Point-of-care Ultrasound for the Diagnosis of a Gluteal Abscess
History of present illness:
A 57-year-old male with a history of intravenous drug use presented to the emergency department with four days of progressively worsening pain and swelling to his left buttock after injecting heroin subcutaneously (i.e., “skin popping”). Labs were significant for a white blood cell count (WBC) of 26.7×103/mm3. Using the high frequency, linear probe, a point-of-care ultrasound (POCUS) was performed and revealed a large soft tissue abscess.
Point-of-care ultrasound reveals a large, hypoechoic soft tissue abscess with debris and tracks extending to the bottom of the image. Furthermore, when compressed, movement of the abscess contents is appreciated. There is also superficial cobble-stoning consistent with overlying cellulitis and soft tissue edema.
In the United States, there are over 14 million outpatient visits per year related to soft tissue infections, with nearly one-third being seen in the emergency department.1,2 22%-65% of intravenous drug users experience abscesses and cellulitis.3 Soft tissue abscesses are commonly encountered in the emergency department and the diagnosis is often made by history and physical exam.5 However, imaging modalities are more accurate than physical exam alone. When comparing ultrasound to physical exam in the diagnosis of soft tissue abscesses, one study suggests that ultrasound has a sensitivity and specificity of 96% and 87%, respectively. The sensitivity and specificity of the physical exam is 84% and 60%, respectively.4 Another study comparing computed tomography (CT) to ultrasound in the diagnosis of abscesses found ultrasound to have a sensitivity and specificity of 96.7% and 85.7%, respectively, while the overall sensitivity and specificity of CT was 76.7% and 91.4%, respectively. Ultrasound was superior in overall image detail ratings and demonstrated more visible detail within the abscess cavity. 5 When utilizing POCUS to evaluate for an abscess, look for an area of anechoic or hypoechoic fluid that may have contain septae, sediment, or gas. If one compresses the area with the transducer, movement or swirling of the abscess contents may be induced.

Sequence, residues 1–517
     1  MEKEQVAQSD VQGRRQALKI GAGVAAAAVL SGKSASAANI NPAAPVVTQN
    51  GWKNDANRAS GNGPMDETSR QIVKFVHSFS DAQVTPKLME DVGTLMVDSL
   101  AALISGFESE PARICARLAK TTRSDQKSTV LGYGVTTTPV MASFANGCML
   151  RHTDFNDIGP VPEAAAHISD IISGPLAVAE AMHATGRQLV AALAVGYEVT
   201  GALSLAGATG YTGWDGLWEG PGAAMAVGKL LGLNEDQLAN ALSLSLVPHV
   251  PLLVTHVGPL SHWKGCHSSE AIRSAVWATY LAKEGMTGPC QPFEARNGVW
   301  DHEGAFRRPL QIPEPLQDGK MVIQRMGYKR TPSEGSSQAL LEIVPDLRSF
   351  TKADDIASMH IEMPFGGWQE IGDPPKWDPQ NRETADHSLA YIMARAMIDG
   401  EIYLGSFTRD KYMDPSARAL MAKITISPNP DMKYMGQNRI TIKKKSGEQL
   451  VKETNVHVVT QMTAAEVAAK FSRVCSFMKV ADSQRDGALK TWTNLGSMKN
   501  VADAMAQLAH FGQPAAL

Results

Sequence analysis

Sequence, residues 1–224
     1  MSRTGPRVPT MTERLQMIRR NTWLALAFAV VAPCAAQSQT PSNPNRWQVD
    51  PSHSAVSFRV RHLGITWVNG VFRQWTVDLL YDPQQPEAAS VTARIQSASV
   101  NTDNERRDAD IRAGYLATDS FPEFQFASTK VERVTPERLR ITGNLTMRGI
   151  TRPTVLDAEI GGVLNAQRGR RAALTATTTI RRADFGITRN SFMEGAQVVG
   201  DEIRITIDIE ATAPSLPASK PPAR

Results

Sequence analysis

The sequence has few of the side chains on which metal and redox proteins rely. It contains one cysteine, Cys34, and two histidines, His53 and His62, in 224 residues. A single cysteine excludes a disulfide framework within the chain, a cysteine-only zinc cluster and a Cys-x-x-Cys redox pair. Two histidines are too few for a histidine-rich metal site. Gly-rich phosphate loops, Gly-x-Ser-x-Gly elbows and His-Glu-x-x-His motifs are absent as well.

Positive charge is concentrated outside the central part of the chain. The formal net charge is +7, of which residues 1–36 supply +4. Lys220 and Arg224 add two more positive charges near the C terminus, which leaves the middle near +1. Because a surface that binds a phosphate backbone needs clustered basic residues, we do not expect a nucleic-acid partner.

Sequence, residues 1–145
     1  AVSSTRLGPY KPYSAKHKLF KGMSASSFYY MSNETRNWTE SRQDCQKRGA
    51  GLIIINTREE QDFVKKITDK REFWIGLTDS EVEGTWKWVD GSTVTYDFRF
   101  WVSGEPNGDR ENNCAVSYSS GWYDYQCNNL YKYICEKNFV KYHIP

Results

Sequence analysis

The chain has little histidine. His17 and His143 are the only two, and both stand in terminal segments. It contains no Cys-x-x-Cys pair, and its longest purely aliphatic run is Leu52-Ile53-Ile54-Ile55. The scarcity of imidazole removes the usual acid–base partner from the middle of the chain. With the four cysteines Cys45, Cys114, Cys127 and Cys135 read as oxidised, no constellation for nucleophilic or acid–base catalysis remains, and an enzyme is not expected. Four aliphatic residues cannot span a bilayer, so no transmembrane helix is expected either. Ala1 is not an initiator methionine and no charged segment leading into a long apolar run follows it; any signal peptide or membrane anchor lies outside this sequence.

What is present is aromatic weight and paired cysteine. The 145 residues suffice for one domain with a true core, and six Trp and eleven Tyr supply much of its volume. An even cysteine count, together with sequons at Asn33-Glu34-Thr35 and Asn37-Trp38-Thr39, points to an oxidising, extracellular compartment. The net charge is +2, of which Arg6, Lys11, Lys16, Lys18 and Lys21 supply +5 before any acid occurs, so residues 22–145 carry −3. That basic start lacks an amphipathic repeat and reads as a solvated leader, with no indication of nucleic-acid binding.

The patient in this case was given broad spectrum antibiotics and went to the operating room later that day with general surgery due to the high degree of muscular involvement and the size of the abscess cavity. Over 200 mL of purulent fluid was drained from a pocket that measured 8x14x7cm.
Abscess, ultrasound, POCUS, soft tissue, buttock.
- Hersh AL, Chambers HF, Maselli JH, Gonzales R. National trends in ambulatory visits and antibiotic prescribing for skin and soft-tissue infections. Arch Intern Med.2008;168(14):1585-91. doi: 10.1001/archinte.168.14.1585
- Prusakowski MK, Kuehl DR. Trends in the emergency department management of skin abscesses. Am J Infect Control.2015;43(4):336-40. doi: 10.1016/j.ajic.2015.01.012
- Giudice, P. Cutaneous complications of intravenous drug abuse. Br J Dermatol. 2004; 150(1);1-10. doi: 10.1111/j.1365-2133.2004.05607.x
- Adams, CM, Neuman MI, Levy, JA. Point of care ultrasound for the diagnosis of pediatric soft tissue infection. J Pediatr. 2016;169:122-7. doi: 10.1016/j.jpeds.2015.10.026
- Gaspari R, Dayno M, Briones J, Blehar D. Comparison of computed tomography and ultrasound for diagnosing soft tissue abscesses. Crit Ultrasound J.2012;4(1):5. doi: 10.1186/2036-7902-4-5